As it faces a winter of discontent, the government has options



The PM must sieze opportunity to seize real opportunities to transform the energy future for everyone, writes Viridor’s Tim Rotheray

Price caps and cash handouts, while vital, address symptoms of the problem. Without treating the disease, we’ll just need more cash – cash which will turn into taxes down the line. Helping wean the country off fossil fuels is treating the root cause of our current crisis.

Our new Prime Minister has not had any time to settle in at Number 10. A cost of living and energy crisis not seen since Edward Heath was Prime Minister and then the sad passing of the UKs longest serving monarch. For Liz Truss, there is no honeymoon period.

Very quickly she announced dramatic measures. A capping of domestic energy bills predicted to cost roughly double the ‘unprecedented’ help made by her opponent in the leadership race Rishi Sunak. You may imagine such largesse from the state would be adequate to solve the problem the population faces. But it won’t. Even with the price cap the average energy bill is still double what it was 12 months ago, an over £1,000 increase. And while gas and power get all the focus, petrol and diesel remain around record highs, the Bank of England is expected to raise interest rates again and inflation is in double digits.

Even with the help from government, for many this winter will feel more like a choking stranglehold on household budgets, not just a squeeze. Further commitments of help, government intervention is at best going to help people get through. With all these unprecedented interventions, and as we run towards a general election, something more is needed.

As we go through a really difficult winter, the government has the power to signal long term solutions, to be the light at the end of the tunnel. They can start to tackle the cause of the problem at the heart of this crisis.

Investing to get off fossil fuels has never been more economically attractive – renewable power is now nine times less expensive than gas, the rise in household heating bills halves the payback on energy efficiency measures and the full life costs of electric vehicles is now cheaper than fossil alternatives. And, as the economics continue to improve the cost to the government of intervention falls.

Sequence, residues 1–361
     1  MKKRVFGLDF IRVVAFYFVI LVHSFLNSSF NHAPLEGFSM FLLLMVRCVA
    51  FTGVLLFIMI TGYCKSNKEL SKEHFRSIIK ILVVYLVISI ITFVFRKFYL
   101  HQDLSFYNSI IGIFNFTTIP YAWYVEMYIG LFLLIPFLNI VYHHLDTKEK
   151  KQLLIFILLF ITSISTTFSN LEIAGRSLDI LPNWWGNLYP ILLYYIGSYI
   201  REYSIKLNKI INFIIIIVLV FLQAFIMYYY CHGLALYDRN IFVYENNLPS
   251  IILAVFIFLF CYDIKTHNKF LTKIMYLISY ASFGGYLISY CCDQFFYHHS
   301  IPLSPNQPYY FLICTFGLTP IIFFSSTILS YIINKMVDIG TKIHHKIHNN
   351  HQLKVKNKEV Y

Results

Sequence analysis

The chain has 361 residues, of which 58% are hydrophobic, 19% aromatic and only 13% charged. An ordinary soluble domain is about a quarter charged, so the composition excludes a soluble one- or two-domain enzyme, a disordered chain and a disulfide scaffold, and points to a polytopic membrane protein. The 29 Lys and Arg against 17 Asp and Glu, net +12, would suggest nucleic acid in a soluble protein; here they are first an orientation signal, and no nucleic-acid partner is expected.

Of course there is nothing new here – the voices calling for action on energy efficiency, renewables and other interventions are many, but this is more than just economics. It’s about sentiment – the sense that there is a way through.

When policy is used to send long term signals it can accelerate investment plans, bringing them forward. Business can respond enthusiastically when there is clear investable policy direction. This was best seen in wind where the government’s commitment to the wind CfD saw Siemens invest in a turbine blade factory in anticipation of the coming demand.

The government has a whole suite of opportunities awaiting them. A strategic programme to retrofit homes with efficiency over the next decade is a route to jobs up and down the county. Committing to existing plans for carbon capture will unlock investment and jobs in the North West and North East and help stimulate the hydrogen economy. Accelerating renewable deployment will retain and grow the UK’s global leadership and expertise. In each of these areas a long term plan will also stimulate the supply chain. Companies will invest in infrastructure to serve those meeting the polices; just like the blade factory.

And it’s surely what we need. As we head into a challenging winter, the promise of new good jobs driven by investment, tacking the core of what is causing the pain offers hope. Knowing your home could be made more efficient and that it will create local skilled employment for the long term offers a promise of better times. Seeing carbon capture pipelines being laid and a new generation of skilled workers being invested in offers the prospect of regeneration; tackling the challenges of climate in the exact same communities where the oil industry has, for so long, provided.

So while policy makers rightly look to address the immediate financial burden facing people, serious thought needs to be given to how we signal long term investment to move away from fossil fuels and drive decarbonisation to tackle the cost of living and generate the economic recovery sought by the Prime Minister.

Winston Churchill once said ‘an optimist sees the opportunity in every difficulty’. In the heart of a deepening crisis, this Prime Minister has an opportunity to seize real opportunities to transform the energy future for everyone.

 

Tim Rotheray is director of ESG and external affairs at Viridor



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